Maison Reflections: Paris, September ‘16

A delight to the senses, and a challenge to convention – these are the overriding impressions that we take away from our visit to Maison, and to the homeware boutiques of Paris and Barcelona. And WOW, so different, exciting and inspiring. European design is challenging convention – and asking users to think differently and more playfully about the objects we use in our environments.

Bloomingdales blog Maison Reflections: Paris, September ‘16

What’s happened to proportions?

Like Alice through the Looking Glass, conventional design proportions are being challenged. Sure, oversized lamp shades are here to stay – but we’re talking about tiny side tables, HUGE standing lamps in excess of 2-3 metres, wall lights that look they’re designed for the floor.

Fantasy, whimsy, playfulness

Design is challenging us to stop taking everything so seriously. From lanterns that look like they’re out of Harry Potter, to LED wall light displays offset by full-bodied giraffes, to artistes who combine their love of sculpture with chocolate making – we’re being made to think about “lightening up”.

We’re also being told that “Millennials” (those born between 1985 to 1999) are redefining what it means to be an “adult” today, incorporating play directly into their lifestyles. Europe is a heavy environment to be living in; is design reacting to this?

Self-expression through ownership of rare Found Objects

Everyone wants to be different, and now you can own your very own 100,000 year old sea sponge, petrified coral or giant arthropod. Of course if this is too much – just combine a table lamp with a mirror, or a framed rare butterfly collection.

Bespoke is now being extended to Found Objects.

What’s found in Nature is all the rage

This may not be a new trend, but like self-expression through ownership of rare Found Objects, now it’s everywhere; and superbly stylish at that. Coral, amethyst, crystal rock, gnarled tree stumps, grasses, sea shells, butterflies can adorn your shelves – either on their own, or adapted into functional objects, including lamps. It’s like a Natural History Museum of Design.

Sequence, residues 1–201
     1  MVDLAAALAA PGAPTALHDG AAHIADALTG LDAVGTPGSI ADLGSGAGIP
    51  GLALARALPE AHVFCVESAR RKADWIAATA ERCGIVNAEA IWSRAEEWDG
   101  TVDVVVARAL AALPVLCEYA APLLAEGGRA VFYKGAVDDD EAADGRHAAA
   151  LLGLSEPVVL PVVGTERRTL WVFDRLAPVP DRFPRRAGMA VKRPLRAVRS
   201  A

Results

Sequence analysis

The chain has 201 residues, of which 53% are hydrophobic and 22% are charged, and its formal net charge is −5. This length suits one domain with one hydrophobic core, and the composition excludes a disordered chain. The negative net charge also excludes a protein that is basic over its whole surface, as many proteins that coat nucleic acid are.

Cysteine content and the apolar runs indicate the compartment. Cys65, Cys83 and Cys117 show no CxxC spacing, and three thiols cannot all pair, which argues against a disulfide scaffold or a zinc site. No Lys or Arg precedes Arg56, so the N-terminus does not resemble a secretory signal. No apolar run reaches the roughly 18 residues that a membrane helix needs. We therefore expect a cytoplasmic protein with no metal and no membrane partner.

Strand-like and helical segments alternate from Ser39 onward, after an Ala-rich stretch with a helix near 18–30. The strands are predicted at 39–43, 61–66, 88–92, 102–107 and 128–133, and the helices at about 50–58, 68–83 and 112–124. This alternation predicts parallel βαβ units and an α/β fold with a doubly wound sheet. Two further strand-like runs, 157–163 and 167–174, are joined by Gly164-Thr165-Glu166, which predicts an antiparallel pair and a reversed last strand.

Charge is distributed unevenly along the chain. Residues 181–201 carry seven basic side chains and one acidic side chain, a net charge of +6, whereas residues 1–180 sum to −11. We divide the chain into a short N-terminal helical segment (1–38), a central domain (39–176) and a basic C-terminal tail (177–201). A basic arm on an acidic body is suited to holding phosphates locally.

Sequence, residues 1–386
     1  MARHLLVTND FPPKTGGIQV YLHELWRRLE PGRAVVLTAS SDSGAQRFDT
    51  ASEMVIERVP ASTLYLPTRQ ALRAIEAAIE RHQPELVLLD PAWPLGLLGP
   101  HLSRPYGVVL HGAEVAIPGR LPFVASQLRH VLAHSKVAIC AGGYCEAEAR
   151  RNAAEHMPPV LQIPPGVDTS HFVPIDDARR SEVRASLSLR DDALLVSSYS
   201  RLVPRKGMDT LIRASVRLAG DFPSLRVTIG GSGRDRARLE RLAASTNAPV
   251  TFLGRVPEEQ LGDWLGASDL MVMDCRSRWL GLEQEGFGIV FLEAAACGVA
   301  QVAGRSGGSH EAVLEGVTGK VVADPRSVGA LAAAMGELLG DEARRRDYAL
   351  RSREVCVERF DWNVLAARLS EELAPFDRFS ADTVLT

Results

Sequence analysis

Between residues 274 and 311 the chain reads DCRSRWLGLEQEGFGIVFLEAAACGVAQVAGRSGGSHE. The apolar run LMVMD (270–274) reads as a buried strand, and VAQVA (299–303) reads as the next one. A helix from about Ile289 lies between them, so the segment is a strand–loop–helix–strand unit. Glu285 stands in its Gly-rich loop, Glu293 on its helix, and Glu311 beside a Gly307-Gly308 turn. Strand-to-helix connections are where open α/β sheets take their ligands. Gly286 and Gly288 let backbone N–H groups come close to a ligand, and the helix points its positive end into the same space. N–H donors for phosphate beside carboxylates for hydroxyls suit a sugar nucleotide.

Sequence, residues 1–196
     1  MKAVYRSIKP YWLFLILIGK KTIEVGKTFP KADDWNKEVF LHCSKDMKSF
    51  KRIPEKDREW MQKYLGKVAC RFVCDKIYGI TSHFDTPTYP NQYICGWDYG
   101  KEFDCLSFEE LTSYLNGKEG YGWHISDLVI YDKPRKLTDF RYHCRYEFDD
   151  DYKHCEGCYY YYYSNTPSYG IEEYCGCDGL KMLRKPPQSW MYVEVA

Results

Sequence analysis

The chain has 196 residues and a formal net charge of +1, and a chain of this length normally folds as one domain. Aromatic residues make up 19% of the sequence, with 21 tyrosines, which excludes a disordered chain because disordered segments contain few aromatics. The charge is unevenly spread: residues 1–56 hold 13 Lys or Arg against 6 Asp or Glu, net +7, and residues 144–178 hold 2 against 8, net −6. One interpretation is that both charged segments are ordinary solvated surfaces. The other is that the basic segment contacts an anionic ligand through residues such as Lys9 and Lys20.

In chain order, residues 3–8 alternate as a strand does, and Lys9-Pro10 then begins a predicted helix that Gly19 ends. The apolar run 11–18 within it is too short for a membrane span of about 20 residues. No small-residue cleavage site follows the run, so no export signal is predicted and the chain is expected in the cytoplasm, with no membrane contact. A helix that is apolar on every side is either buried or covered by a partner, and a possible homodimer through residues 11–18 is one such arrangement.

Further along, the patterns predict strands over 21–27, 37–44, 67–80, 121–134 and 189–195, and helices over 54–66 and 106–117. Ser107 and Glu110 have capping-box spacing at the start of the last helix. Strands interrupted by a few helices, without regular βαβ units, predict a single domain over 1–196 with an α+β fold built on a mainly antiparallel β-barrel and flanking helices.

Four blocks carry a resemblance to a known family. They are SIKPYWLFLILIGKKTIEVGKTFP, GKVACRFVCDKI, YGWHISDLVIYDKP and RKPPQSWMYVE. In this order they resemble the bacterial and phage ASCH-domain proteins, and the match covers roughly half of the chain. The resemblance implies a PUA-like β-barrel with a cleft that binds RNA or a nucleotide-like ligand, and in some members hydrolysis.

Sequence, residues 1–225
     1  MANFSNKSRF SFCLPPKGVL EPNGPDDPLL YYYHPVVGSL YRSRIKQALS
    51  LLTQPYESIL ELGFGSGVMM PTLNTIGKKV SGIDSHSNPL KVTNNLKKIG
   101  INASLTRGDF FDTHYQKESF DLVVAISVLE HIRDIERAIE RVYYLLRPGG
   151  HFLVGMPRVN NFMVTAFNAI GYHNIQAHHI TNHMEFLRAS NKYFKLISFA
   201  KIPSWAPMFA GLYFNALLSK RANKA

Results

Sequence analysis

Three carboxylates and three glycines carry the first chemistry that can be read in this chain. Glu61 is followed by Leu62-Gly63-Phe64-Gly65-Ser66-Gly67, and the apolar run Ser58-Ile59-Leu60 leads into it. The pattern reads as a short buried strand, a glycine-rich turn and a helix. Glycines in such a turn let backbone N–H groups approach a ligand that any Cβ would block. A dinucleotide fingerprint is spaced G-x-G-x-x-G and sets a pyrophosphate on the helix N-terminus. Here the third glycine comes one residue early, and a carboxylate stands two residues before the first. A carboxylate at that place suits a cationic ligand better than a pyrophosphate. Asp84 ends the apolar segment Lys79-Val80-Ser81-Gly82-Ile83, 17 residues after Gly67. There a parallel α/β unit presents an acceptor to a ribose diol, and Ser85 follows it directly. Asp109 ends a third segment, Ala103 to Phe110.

A celebration of natural materials

This trend translates into a celebration of natural materials, like flax linens and cork – which are used in their raw, and simple states to create finished functional objects. And this answers to the ever-present, all-encompassing trend of Green.

Artisanal, beaten and beautiful

There’s simply nothing like the quality of European craftsmanship and the materials used. European design and style celebrates the imperfect; hand beaten and forged in ateliers to give the impression of single, 1-off works. Again, the metal work is inspired by nature to fulfil a functional role – such as a beaten, branch-like side table base.


Whether the finish is rough or smooth – European lighting design pays homage to sculptural form. Soft rounded edges or Moore-like shapes, made from metals and brass – create the distinct impression that functionality and art can readily co-exist. Not surprisingly, the price tag matches.

The warm colours and metals dominate

The warm colours and metals dominate: brass and yellow gold are ever-present, whether in gold-leaf or in tubular form. We’re quite sure that shiny nickel is still around, but we did not see much of it.

And rose-gold … last season!

Mixed material combinations

Mixed material combinations are still very much in vogue: and this is happening in quite inspiring combinations – whether in ways that complement (e.g. mirror / antique mirror with metal) or contrast (e.g. stone and brass, porcelain and grass).

Asymmetrical furniture design

Asymmetrical furniture design challenges the convention: similar to what’s happened to proportions – we’re being asked to look at (or see) occasional furniture pieces differently. The shapes are oddly cubist – but they work. Small, round side table surfaces are placed on bases that are angled.